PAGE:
Yet, by now, the process is almost entirely out of the hands of News and the compromised police force that tried to protect it through sheer indolence. The process will grind on for years to come. As the doings of the thuggish Jonathan Rees are drawn into the picture, the FBI has also opened investigations into hacking in the US. And it has been revealed that not only had the head of the initial investigation, Andy Hayman, been given a column in The Times, but Neil Wallis, a now-arrested deputy editor of News of the World, had been contracted to give consultancy advice to the police. As the paper itself liked to say, you couldn't make it up.
Whatever happens, the cautionary tale in all this will attach to Andy Coulson, who has been arrested in the wake of the Milly Dowler revelations and faces years of inquiries, pariah-status in the British media world, and accusations that he perjured himself last year as a witness at the trial of Scottish socialist Tommy Sheridan - for perjury! - by denying any knowledge of phone hacking.
Even if this is not the case, the behaviour of Coulson and others throughout poses one central question - how is it that ever-larger numbers of people can lose all power of individual moral judgment when part of a powerful and determined organisation? One could hardly say there is no place for blagging or hacking in the armoury of a journalist investigating stories of public interest, nor that there is any hard-and-fast rule about what constitutes the public interest. But the lack of such a rule does not imply there is no distinction, it merely suggests that no amount of rule-making, codes of conduct and the like can substitute for individual moral judgment.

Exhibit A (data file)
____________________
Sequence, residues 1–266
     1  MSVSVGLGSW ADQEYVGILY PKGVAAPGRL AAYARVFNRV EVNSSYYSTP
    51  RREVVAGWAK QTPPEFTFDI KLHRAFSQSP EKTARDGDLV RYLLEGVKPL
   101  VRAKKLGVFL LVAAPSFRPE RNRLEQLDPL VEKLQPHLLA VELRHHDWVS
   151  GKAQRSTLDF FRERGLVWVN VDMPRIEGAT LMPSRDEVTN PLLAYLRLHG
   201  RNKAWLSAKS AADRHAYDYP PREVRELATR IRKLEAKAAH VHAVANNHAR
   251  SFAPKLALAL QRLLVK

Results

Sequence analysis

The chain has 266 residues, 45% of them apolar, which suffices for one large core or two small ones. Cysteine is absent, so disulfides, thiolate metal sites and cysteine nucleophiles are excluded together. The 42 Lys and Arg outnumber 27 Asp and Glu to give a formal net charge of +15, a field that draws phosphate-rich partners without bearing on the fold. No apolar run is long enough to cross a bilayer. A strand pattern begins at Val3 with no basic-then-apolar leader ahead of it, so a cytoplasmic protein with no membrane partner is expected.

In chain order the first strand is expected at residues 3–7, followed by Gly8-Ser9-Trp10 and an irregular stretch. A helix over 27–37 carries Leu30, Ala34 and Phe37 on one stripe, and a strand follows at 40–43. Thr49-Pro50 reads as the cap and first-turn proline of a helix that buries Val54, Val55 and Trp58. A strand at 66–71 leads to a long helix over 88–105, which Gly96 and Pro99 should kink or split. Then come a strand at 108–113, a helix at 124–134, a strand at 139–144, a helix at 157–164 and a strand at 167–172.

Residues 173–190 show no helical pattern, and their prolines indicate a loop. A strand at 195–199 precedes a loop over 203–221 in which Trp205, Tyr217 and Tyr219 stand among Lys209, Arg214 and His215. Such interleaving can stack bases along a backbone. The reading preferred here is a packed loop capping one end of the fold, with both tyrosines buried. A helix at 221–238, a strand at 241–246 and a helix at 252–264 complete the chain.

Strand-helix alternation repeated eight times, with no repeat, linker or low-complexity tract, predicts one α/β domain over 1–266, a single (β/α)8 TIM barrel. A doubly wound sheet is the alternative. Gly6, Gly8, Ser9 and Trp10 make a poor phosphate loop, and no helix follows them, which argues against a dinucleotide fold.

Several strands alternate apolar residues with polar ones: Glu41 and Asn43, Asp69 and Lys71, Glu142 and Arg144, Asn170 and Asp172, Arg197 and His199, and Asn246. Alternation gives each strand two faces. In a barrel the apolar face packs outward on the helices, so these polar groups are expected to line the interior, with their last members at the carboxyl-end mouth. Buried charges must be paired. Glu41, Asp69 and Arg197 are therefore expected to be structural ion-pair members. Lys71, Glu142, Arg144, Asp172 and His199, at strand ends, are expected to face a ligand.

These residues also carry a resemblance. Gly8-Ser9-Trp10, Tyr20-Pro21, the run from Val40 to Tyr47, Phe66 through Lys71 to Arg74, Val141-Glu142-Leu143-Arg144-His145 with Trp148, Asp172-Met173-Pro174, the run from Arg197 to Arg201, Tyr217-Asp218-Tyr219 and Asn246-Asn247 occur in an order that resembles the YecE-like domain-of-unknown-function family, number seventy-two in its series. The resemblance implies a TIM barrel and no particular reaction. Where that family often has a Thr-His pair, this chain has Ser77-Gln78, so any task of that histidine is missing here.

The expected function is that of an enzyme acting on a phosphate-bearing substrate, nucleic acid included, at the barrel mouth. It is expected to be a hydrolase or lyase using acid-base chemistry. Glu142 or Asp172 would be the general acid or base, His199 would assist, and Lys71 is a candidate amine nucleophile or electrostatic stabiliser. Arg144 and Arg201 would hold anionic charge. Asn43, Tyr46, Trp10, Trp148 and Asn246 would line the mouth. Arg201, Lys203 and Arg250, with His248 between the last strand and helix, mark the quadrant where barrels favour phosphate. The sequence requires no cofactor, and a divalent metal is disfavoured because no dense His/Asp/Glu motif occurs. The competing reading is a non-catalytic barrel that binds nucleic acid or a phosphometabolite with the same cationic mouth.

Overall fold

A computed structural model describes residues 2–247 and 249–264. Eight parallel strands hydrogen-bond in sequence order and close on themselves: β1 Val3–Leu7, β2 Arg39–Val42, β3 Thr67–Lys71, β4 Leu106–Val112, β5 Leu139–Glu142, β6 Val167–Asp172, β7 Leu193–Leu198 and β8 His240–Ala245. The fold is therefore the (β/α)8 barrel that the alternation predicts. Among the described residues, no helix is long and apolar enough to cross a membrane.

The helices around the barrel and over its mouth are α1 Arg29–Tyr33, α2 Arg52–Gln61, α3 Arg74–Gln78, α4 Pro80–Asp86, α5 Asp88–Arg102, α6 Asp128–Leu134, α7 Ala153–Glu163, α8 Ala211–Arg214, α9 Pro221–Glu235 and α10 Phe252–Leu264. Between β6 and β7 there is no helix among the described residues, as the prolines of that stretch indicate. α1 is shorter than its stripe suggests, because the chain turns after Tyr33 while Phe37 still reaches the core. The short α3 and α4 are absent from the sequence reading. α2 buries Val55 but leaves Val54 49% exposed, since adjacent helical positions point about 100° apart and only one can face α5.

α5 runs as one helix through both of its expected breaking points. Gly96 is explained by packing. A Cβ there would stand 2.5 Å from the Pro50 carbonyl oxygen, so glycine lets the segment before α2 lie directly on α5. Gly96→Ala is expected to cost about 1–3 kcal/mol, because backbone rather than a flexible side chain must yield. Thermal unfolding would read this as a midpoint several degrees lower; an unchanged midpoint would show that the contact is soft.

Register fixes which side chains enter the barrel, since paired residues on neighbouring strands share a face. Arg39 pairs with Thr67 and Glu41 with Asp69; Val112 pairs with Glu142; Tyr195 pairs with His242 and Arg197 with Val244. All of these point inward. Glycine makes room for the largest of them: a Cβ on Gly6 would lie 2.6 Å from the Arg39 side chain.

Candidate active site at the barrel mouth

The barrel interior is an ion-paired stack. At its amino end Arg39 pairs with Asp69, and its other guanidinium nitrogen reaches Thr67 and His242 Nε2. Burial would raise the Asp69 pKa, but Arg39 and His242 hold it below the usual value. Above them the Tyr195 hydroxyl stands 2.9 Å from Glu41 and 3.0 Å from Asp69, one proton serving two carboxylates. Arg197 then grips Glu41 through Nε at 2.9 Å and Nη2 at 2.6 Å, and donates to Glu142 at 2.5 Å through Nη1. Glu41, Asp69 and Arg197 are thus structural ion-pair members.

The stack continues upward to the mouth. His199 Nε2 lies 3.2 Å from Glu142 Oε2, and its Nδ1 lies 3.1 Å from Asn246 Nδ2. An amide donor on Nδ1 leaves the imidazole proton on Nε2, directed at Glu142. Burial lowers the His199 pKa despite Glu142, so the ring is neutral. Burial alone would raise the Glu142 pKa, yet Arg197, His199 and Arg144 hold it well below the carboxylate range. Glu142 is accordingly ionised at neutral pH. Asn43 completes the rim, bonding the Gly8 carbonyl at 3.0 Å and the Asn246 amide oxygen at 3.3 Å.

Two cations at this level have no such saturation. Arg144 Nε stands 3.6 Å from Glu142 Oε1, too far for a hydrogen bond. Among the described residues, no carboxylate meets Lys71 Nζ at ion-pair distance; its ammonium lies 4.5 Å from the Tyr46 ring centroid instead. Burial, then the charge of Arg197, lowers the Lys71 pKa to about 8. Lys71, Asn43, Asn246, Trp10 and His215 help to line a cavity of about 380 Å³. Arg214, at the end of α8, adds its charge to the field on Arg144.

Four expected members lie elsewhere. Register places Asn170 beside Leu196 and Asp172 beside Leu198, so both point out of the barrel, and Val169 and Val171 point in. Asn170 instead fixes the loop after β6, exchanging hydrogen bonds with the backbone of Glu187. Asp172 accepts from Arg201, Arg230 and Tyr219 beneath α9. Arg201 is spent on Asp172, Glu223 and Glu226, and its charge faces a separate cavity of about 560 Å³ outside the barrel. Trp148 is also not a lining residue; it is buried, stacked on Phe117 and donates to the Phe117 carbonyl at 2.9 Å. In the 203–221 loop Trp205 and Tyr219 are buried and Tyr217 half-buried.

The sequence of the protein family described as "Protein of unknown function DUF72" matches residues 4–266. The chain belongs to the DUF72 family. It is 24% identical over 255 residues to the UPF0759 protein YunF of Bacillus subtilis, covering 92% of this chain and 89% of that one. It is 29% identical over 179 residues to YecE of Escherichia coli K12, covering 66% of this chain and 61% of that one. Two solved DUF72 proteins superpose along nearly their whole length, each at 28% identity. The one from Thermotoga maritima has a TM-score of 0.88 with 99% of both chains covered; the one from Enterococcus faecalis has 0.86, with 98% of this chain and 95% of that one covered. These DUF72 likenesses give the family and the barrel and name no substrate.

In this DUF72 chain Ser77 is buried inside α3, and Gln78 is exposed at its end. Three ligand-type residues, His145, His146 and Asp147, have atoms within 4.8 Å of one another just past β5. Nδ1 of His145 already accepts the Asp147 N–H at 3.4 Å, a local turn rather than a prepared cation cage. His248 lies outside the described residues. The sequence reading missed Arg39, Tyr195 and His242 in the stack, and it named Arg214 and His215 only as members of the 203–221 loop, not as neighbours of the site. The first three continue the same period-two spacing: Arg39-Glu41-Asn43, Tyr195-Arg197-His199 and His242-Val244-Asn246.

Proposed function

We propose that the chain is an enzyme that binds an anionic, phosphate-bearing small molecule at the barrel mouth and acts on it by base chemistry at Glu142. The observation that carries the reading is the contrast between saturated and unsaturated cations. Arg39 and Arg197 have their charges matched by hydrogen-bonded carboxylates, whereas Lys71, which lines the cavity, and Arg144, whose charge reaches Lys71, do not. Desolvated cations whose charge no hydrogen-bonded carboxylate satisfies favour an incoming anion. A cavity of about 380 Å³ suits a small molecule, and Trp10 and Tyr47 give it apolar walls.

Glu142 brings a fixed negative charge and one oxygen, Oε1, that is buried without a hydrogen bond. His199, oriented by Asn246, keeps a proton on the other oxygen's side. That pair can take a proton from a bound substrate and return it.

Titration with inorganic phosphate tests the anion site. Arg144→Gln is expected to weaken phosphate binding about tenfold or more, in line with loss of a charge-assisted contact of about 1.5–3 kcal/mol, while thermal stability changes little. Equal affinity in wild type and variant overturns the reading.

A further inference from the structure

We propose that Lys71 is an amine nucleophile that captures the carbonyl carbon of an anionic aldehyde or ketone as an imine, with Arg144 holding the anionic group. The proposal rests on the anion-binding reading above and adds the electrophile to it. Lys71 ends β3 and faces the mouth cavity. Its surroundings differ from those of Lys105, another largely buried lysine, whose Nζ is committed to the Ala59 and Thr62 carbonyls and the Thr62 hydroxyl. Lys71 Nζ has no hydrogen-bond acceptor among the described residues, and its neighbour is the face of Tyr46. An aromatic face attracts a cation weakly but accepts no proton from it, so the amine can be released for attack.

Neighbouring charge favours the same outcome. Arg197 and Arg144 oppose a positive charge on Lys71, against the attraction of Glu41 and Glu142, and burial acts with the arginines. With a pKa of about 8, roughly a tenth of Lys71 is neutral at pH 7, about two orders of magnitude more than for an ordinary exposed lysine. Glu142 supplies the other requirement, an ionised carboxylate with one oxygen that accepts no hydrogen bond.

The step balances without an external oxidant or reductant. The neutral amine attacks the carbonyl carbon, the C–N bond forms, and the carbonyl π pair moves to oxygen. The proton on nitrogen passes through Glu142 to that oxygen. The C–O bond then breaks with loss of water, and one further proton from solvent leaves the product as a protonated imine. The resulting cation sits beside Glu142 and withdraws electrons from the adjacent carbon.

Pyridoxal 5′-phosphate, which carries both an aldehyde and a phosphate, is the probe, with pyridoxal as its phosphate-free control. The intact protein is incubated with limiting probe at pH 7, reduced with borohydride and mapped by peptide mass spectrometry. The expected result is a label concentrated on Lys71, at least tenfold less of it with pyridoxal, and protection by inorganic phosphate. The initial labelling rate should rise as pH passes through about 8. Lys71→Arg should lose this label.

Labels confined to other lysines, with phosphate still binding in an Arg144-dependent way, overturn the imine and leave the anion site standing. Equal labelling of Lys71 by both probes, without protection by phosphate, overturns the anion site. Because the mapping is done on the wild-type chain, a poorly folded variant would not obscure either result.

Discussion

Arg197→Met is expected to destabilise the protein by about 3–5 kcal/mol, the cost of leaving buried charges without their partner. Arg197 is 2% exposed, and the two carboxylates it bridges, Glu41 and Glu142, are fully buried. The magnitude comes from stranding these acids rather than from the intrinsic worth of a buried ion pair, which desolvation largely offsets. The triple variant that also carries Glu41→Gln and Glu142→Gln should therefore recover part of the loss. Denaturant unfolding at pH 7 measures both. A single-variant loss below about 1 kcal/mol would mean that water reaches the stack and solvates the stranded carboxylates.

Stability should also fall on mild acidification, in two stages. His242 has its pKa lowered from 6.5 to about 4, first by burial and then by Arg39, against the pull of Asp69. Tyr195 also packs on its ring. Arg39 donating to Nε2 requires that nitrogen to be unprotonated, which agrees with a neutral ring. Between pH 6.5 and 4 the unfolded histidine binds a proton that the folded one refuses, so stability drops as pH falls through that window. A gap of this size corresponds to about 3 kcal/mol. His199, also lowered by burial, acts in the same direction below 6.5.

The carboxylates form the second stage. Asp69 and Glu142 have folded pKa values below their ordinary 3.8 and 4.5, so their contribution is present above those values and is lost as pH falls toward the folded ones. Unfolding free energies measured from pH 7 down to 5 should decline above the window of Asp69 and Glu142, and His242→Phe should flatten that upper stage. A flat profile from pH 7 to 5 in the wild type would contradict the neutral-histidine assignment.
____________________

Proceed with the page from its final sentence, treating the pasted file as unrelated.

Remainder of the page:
There may well be an occasion when hacking a missing teenager's mobile is not only a moral act, but a journalistically essential one - if the police investigation has been inadequate for example, scarcely an unlikely scenario given the Met's performance over phone hacking. But to do so as part of a scandal round-up is quite another matter. You can't use a code of conduct to make that distinction - you need to be a human being.
The trouble is that big organisations headed by a personality cult (and News Corporation is surely that) work by turning people into the opposite of human beings, into gaining meaning in their lives by handing over conscience and control to the organisation, a process that occurs across News's global organisation.